Not sure where to start? Subscribing to publications that delve into these topics is always a good idea–a quick Google search should yield plenty of results–as is exploring relevant courses on online platforms like Coursera, edX and Udacity.
With all of the rapid innovation occurring today, it’s critical that workers are able to keep up the pace when the inevitable changes occur.
“Technology is changing at a breathtaking pace, both with the products we develop and offer, as well as the products we use to run our business. We remain deeply focused on embracing new technology, innovating in all areas, breaking what is not broken to make it better, [learning] from our competitors as a means to improve, and on and on,” Ain said. “We’re not only going to be part of the future of work–we’re focused on helping to shape it.”
This breakneck speed isn’t just limited to technology companies, though. Other industries, like aviation, have adopted a nimble mind-set as well.
“To be successful in [the aviation] industry, one must be agile and able to manage large volumes of change,” explained Greg Muccio, director of people at Southwest Airlines. “There are many variables that are outside of our control that impact our operations, so there is more pressure to adapt. Change is constant in the airline industry.”
Put customers first
It might seem counterintuitive, but as technology continues to revolutionize the way we work, a human-centered approach becomes increasingly important. That’s why Intuit puts such an emphasis on what they call “customer obsession.”
“Intuit was customer-obsessed before it was popular, but we’re continuing to hire for, and teach, capabilities that fall in love with the customer problem–not the solution. We want and need all of our employees to really fall in love with the problem in order to best solve it,” Jensen shared. “Diversity of thought, background, and craft will help us move the needle on solving problems for our customers quickly.”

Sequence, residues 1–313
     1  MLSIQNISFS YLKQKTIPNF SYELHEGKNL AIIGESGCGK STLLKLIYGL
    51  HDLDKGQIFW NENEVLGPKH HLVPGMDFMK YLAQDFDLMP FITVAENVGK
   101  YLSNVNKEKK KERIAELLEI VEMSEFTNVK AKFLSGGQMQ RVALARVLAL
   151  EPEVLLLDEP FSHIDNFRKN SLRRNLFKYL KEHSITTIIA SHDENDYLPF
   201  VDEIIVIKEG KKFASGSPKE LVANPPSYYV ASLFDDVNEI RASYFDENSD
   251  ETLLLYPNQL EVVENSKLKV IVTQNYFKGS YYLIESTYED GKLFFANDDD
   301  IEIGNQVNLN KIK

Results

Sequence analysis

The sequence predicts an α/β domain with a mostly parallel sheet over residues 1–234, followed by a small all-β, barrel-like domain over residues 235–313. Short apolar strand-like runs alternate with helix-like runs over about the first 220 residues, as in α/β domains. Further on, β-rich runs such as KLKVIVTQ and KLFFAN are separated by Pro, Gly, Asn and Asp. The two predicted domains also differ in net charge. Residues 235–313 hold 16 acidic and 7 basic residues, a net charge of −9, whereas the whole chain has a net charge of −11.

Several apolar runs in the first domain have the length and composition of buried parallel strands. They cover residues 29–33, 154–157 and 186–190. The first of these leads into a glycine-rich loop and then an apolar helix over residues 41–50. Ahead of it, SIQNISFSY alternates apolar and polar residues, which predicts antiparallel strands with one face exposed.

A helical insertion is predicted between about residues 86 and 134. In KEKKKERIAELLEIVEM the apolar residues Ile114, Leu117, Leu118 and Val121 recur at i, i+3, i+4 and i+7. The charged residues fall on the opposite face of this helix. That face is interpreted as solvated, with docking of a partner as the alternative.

Human connection is especially crucial in industries like healthcare, where positive patient-provider relationships are key to favorable outcomes.
“At the end of the day, healthcare candidates must be able to stay connected to the human side of research and patient care. Approaching patients with care and compassion are traits that technology can never replace,” said Dana Bottenfield, VP of human resources at St. Jude Children’s Research Hospital.
Build strong relationships with colleagues
A people-centric approach isn’t just for those outside of your organization, however.
“Successful job seekers need to have a balance of strong subject matter expertise with a focus on getting results through teamwork,” Bottenfield explained.
“Job seekers need to be comfortable working collaboratively with a broader range of people–data scientists, software developers, and design thinkers–to deliver results,” Maceda elaborated. “The new norm is being able to work in new ways and with a more diverse set of talent.”
And as companies grow larger and more complex, maintaining this connection–no matter your location–is imperative.
“As companies continue to move to platforms with more interdependencies across the entire organization, top talent needs the ability to work seamlessly across the organization,” Jensen added.
The key to doing that? Trust, Ain said.
“Technologies like our own are empowering employees to work their way, from anytime, anywhere. Trust is a two-way street, one that’s earned through transparency, reliability, communication, and performance. This world of flexibility can be wonderful–and trust is key to making it work.”